Women prefer value-based investing. Here’s how it affects their wealth

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Women prefer to invest in a way that helps the environment and does social good, several studies have found. Such value-based investments can help increase women’s overall enthusiasm for investing and increase long-term wealth, according to financial experts.

About 52% of women prefer to invest in companies that have a positive social or environmental impact, according to a recent survey by Cerulli Associates. This is true for 44% of men.

While not a huge gap, an eight percent difference is “significant,” according to Scott Smith, who leads Cerulli’s research on investor behavior. And the disparity largely remains when comparing women and men in different age and wealth groups, he added.

The trend exists beyond the borders of the US. Some 43% of women (vs. 34% of men) think a company’s stance on social or environmental issues is “very important” when deciding whether to invest, according to S&P Global, which surveyed investors in 11 countries, including the U.S. -in.

“Almost every new client I take on wants to invest with their values ​​in mind,” said Cathy Curtis, an Oakland, Calif.-based certified financial planner whose clients are mostly women.

“And if they haven’t done it before, they’re asking me to do it now,” added Curtis, founder and CEO of Curtis Financial Planning and a member of the CNBC Advisory Council.

ESG funds

Investment funds that use so-called environmental, social and governance principles have grown in popularity in recent years. These investments (also known as “sustainable” funds) may invest in firms focused on renewable energy or that promote racial and gender diversity, for example.

Investors pumped a record $70 billion into ESG funds last year — 14 times the amount just three years ago, according to Jon Hale, director of sustainability research for the Americas at Sustainalytics, which is owned by Morningstar.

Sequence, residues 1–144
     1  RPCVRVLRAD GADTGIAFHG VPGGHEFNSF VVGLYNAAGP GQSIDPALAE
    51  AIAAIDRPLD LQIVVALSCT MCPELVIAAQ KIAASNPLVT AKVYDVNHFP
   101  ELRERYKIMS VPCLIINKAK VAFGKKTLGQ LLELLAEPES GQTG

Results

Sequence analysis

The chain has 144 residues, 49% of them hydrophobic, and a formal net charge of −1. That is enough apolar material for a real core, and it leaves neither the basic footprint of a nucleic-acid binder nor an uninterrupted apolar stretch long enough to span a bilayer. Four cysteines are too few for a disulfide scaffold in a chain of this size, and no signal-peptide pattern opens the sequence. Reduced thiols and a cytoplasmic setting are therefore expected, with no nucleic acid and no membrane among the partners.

There were three times more ESG mutual and exchange-traded funds in 2021 than five years ago, holding more than $350 billion in total, he said.

Women are more interested in investing in companies that: pay workers a fair or living wage; are leaders in environmentally responsible practices; and that do not sell “objectionable” products such as tobacco and firearms, respectively, according to Cerulli. (Men have the same top three ESG preferences.)

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“It’s more of an emotional thing with women,” Curtis said of their ESG inclination. “It’s absolutely because they don’t want to invest in things they see as damaging to the environment [or] harming women’s causes.

“They really care about those things.”

Meanwhile, women tend to invest less often than men in general: About 48% currently have money in the stock market versus 66% of men, for example, according to a recent NerdWallet survey. This is despite the fact that female investors tend to be better long-term investors than their male counterparts.

The typical female-headed household also has less wealth: about 55 cents for every dollar of wealth held by the typical male-headed household, according to the Federal Reserve Bank of St. Louis. Among family retirement accounts, the typical woman has saved $28,000, less than half the $69,000 reported by men, according to the Transamerica Center for Retirement Research.

However, ESG enthusiasm among women has the potential to make them more enthusiastic about investing in general, which could be beneficial for long-term wealth creation, experts said.

“It definitely gets them more involved because they care about it [ESG] discussion,” Curtis said. “They don’t care how big-cap the US is and how many international and emerging markets they have. [in their portfolios].”

Investment returns

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In fact, women’s values ​​tend to outweigh considerations about investment returns, Curtis added.

Among all individual investors, 70% believe that sustainable investing means a financial trade-off – an increase from 64% in 2019, according to the Morgan Stanley Institute for Sustainable Investment. The percentage is higher (83%) among millennials compared to older age groups.

However, the data does not appear to support this “myth,” according to Morgan Stanley.

About 74% of stable funds ranked in the top half of their respective investment categories in the past five years, according to Morningstar. In other words, ESG fund investors tend not to sacrifice performance for their values. (Of course, ESG funds don’t necessarily always outperform. Many have had a rough 2022, for example, largely because of tech sector exposure, experts said.)

“For investors and advisors who have been hesitant to invest in stable funds because they have the impression that such funds as a group chronically underperform, [2021] it’s further evidence that that’s not true — as the last five years have been,” Hale said.

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